Open Systems SnapVault (OSSV) Web Reporting

Open Systems SnapVault (OSSV) is a data replication/protection software from NetApp. OSSV runs on Windows, UNIX/LINUX, and VMWare ESX servers and it replicates block level changes back to a NetApp filer. We use this technology to replicate the data on all of branch office servers back to our datacenter. This replication allowed us to remove the need to perform tape backups in each branch office.

One of the strengths of OSSV is its simplicity, but that is also it’s weakness. The reporting and monitoring capabilities of OSSV can be cumbersome. You can get a lot of status information from the filer itself via the snapvault status command. However, the one thing that you can’t tell from filer is how far along the process is. That information is only available when the snapvault status -l command is run on the primary system (your Windows/UNIX/VMWare server). With windows that means that you either need to get either console access (via. Remote Desktop, VNC, etc.) or command line access with something like PsExec.

We’ve been running this way for almost two years, but I finally got tired of all of the typing. So I developed a web based reporting tool that gathers all of information and presents it in a nice graphical clickable interface.

The front screen of this php web application displays the status of all currently configured snapvault relationships. It does this by executing the snapvault status via an encrypted ssh key-based session to the filer. The resulting output is shown below.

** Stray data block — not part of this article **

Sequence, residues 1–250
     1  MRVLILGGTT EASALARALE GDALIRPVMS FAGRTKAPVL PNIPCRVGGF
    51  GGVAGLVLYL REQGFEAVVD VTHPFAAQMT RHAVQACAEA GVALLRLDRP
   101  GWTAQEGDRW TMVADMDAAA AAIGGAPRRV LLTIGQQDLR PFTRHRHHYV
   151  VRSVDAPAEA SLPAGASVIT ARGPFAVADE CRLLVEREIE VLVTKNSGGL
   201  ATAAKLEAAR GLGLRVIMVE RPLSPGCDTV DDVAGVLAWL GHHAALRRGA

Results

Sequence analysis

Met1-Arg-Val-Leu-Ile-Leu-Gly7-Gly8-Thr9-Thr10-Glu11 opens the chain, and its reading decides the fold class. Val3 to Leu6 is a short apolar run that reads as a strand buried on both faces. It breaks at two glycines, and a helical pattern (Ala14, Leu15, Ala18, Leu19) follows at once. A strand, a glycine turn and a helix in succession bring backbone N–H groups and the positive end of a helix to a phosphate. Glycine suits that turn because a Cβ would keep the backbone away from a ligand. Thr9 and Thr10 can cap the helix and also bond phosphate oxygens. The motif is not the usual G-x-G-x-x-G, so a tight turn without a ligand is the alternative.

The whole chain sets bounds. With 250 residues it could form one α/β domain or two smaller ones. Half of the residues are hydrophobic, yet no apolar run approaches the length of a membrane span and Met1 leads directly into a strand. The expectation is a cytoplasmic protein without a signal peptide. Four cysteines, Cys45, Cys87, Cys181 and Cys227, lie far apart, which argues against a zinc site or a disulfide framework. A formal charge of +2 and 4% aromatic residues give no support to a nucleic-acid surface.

OSSV Web Reporting Overview Screen

For each specific qtree you can click to get the detail about that status of that relationship just as if you had run the snapvault status -l command on the primary server. Thereby showing you how many files have been transferred, how far along you are on the current file and what errors have been encountered. All this is accomplished via winexe linux command. Winexe remotely executes commands on WindowsNT/2000/XP/2003 systems from GNU/Linux just like PsExec does from windows.

OSSV Server Detail Web Report

If anyone is interested in using this, I can supply you with my really ugly code. Finally a big shout out the phpSysInfo project from where I borrowed the CSS styling.

Update: I’ve finally put the code online for anyone to access.  You can download the original code from my box.net account. Get the ossvreport.zip file.

Update 2: Box.net is no longer allowing easy public access so I’ve put it up on dropbox.com and you should be able to get the ossvreport.zip file from there now.

Virtualization Gripes (part 1)

Virtualization is not new, it has been around for a number of years. So why are so many software vendors afraid of it, and even worse hostile to it? We run a number of different application that have license managers for their software. These license managers are often a service and sometimes a hardware lock / dongle that runs on a server that all of the clients connect to for permission to use the software.

We’ve successfully virtualized many of these servers (they are great candidates because they are so often extremely under utilized when on physical boxes). The ones with hardware dongles pose some problems (I’ll save that for another post). Then along comes a product from ETAP. They will let you virtualize their application (which is extremely resource intensive), but they prohibit (i.e. software won’t run) you from virtualizing their license manager. This is completely insane! Their silly little license manager use very little memory, and almost zero CPU cycles. In our case it may handle one or two requests for a license a day (if that), and I have to install it on a physical box. What a PIA.